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The value of each outcome must be assigned a number, but the purpose of the numbers is only to indicate the comparative values of the possible outcomes. For example if one outcome is judged to be twice as good as a second, we could assign them any two numbers so long as the first is assigned a number that is twice that assigned to the second. Expected value is the central concept of cost/benefit analysis. The idea is that, given a range of possible actions, one should perform the action with the highest expected value.

Explanations We give an argument for something when we seek to persuade an audience that that proposition is true. By contrast, when we give an explanation of something, we know, or assume, that the audience already accepts that the proposition to be explained is true. Our aim is not to give reasons for believing that proposition, but to specify, for example, the causes of the event that it mentions. Both arguments and explanations can be described as answering 'why?' questions, but there is a crucial difference: whereas the question in the case of explanation is 'why is it so?', or 'why did it happen?', the question in the case of argument is 'why should I believe it?'.

Potentially confusing is that in order to establish that an explanation is the correct one - e.g. that it specifies the actual cause of an event - we often have to give reasons why it should be believed, i.e. an argument. That is, we sometimes have to argue for an explanation.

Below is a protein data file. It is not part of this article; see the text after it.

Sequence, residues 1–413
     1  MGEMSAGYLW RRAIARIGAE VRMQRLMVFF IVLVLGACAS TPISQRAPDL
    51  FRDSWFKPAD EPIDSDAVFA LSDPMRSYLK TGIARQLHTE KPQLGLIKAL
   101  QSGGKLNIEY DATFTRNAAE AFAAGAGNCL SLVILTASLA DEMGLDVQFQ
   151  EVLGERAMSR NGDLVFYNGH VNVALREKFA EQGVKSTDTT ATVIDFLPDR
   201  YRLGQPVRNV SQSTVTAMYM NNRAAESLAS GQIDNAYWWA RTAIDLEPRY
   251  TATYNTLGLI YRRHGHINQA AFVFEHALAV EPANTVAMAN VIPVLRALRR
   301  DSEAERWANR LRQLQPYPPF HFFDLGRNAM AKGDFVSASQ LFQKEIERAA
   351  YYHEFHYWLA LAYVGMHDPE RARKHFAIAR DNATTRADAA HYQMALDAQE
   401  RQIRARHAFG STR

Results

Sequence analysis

Extended arguments An extended argument for a proposition is one containing more than one inference: a conclusion is used as a premise for a further argument, the conclusion of which may be used as a premise for a further argument, and so on. Conclusions used as premises for further inferences in an extended argument are called intermediate conclusions.

Extension The extension of a general term such as 'cat' or 'red car' is the set or group of things designated by the term.

Factual assessment The stage in the assessment of an argument in which we determine whether or not the argument's premises are true. If the argument is either valid or inductively forceful, then the argument is sound if and only if all its premises are true.

Fallacies The term 'fallacy' encompasses certain commonly encountered failures of argumentation; it is partly because they are often effective as rhetorical ploys that they are commonly encountered. Formal fallacies are simply logical mistakes; that is, arguments that fail to be valid or inductively forceful in certain characteristic ways. Substantive fallacies are arguments that implicitly assume some quite general premise of a kind which, when more closely and explicitly considered, can readily be seen to be false. Some other common defects in argumentation fit neither classification; but since they involve fooling the audience in the context of argument they can be appropriately classified as fallacies.